Government objective (political): lower absolute consumption of energy § Technological efficiency improvements not enough § Critical tool: manipulation of relative prices exception primary energy with no negative side-effects (e. renewables) Factors for market failure: •Subsidies •High transaction costs •Incentive failures government role . nuclear .g.

Agenda § Introduction: goals and definitions § Classical Approach § Drivers of efficiency improvements § Rebound Effect: energy efficiency and GDP § Modified Approach § Structural shifts and imperfect markets § Markets and governments § Final Remarks  05/29/11 Departement/Institut/Gruppe 35 .

Suggested policy mix (to achieve lower absolute energy consumption) Mix of policies [1] market instruments (Δp) condition: competitive markets must be enabled [2] policies to drive innovation price transparency adapt to structural shifts rapid diffusion of technical innovation in areas where private initiative is not enough fact required to manage the complex relationor between… pro duc tivit y fact out put gro wth or sub stit utio End goal •off-set rebound effect •promote technological improvement .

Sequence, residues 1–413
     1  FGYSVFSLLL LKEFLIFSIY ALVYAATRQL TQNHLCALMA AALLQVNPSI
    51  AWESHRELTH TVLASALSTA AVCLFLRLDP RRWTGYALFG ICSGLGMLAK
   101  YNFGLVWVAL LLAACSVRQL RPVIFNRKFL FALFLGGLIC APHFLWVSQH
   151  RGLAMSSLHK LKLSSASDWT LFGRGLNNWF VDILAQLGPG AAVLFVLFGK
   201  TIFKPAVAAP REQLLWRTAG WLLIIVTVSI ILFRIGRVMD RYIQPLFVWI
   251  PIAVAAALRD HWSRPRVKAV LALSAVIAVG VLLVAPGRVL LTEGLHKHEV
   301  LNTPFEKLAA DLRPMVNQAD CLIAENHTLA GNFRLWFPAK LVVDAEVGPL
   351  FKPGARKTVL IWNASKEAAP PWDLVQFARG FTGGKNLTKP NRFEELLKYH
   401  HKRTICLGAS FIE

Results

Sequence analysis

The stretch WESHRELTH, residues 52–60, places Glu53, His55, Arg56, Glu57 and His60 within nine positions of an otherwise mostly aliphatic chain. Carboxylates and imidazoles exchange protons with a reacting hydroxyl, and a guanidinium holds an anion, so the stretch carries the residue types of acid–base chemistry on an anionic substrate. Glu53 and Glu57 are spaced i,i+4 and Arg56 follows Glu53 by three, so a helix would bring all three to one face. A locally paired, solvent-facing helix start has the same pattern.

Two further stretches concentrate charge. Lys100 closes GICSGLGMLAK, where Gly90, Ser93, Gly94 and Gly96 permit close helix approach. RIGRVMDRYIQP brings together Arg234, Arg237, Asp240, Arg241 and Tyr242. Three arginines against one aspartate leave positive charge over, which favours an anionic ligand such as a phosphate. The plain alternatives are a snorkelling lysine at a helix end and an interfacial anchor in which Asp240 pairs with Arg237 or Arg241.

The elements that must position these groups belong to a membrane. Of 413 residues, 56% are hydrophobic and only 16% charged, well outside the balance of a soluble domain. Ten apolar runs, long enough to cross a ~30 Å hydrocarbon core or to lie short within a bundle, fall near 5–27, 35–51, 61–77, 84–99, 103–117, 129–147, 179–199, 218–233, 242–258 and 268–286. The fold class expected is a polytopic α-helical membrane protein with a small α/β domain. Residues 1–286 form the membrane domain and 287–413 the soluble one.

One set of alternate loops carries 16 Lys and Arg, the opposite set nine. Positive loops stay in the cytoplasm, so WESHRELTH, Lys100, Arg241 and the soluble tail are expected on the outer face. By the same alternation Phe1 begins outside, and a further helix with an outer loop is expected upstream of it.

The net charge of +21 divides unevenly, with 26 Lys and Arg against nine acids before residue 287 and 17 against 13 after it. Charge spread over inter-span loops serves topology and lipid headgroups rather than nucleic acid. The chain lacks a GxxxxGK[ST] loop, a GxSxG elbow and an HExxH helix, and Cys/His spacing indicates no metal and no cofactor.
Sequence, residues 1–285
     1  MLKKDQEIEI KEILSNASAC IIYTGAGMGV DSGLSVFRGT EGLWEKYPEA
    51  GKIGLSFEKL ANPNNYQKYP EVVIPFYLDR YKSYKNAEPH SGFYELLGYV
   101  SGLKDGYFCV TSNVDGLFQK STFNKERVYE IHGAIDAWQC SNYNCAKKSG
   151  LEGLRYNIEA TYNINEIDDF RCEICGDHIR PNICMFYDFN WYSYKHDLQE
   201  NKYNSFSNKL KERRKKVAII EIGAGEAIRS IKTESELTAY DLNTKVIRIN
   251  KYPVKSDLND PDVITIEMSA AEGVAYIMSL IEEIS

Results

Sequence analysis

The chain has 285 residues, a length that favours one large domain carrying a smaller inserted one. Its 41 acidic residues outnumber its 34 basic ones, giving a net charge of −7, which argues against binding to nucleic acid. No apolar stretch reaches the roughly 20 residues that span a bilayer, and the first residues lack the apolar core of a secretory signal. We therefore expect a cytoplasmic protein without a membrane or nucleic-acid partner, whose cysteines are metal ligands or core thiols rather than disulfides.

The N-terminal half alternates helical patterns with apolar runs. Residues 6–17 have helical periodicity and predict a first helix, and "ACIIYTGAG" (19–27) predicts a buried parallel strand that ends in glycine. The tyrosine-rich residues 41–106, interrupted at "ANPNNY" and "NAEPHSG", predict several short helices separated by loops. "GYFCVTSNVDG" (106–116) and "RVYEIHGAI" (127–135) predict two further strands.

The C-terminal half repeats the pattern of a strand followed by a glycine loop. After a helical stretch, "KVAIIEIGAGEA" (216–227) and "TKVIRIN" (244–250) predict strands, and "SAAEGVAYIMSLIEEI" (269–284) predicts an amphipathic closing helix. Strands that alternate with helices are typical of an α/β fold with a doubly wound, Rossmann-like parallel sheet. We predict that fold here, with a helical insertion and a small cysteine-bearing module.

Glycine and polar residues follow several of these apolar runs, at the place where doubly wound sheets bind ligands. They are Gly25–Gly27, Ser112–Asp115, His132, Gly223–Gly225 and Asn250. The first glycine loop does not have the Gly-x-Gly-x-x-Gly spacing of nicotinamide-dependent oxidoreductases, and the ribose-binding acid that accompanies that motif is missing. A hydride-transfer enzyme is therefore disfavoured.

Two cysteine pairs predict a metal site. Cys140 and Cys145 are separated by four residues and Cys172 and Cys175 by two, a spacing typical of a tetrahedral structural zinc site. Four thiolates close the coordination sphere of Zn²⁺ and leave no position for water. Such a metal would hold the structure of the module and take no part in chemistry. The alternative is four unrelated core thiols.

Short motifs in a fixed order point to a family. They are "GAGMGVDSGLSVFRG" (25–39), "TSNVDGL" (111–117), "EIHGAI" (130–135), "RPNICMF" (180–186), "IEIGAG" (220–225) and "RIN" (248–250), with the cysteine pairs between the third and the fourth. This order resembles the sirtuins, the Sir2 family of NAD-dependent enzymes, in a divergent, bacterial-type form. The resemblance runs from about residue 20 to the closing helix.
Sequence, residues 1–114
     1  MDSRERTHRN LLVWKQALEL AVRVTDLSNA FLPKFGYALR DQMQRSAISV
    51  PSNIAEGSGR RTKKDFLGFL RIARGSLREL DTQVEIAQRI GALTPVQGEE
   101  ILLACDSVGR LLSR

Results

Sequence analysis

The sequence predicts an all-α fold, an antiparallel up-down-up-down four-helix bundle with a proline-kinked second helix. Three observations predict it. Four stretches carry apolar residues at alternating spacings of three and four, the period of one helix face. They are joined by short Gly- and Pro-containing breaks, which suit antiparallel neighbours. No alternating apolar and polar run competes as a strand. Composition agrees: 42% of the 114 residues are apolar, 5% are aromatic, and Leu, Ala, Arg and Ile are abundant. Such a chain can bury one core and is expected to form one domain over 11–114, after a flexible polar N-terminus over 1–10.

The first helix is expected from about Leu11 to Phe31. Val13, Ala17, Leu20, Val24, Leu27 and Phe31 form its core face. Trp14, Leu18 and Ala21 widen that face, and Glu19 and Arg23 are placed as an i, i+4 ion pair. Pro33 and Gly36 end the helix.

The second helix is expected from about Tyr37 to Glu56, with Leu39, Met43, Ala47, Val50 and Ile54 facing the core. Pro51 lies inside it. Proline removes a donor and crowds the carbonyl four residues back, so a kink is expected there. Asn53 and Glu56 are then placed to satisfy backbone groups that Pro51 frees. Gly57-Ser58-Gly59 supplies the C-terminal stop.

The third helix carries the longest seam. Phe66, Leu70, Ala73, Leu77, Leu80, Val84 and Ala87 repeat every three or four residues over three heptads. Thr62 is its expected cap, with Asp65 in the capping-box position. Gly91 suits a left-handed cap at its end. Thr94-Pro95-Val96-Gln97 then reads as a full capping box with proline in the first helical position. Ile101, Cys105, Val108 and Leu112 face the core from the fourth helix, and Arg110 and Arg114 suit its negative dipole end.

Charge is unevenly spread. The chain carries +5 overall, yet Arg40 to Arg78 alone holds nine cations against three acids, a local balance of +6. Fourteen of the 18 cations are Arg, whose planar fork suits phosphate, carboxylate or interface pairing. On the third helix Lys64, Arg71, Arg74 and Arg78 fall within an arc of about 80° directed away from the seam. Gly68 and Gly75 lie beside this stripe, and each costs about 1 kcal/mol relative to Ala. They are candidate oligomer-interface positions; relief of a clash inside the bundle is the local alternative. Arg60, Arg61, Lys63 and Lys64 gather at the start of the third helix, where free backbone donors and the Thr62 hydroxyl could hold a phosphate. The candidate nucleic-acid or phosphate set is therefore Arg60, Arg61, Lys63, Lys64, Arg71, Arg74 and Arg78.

§ Data required to see whether the carbon market has actually driven environmental innovation. § To date method of quantifying magnitude of rebound effect is still debated § § . EU EmissionsTradingSystem) have been enacted to incorporate the carbon price into the electricity price.g. § If yes. policies (e.Conclusion § Since 2000 (paper date). it remains to be seen whether this carbon-driven efficiency improvement has translated into an decrease of energy intensity.

Thank you for your attention Questions? .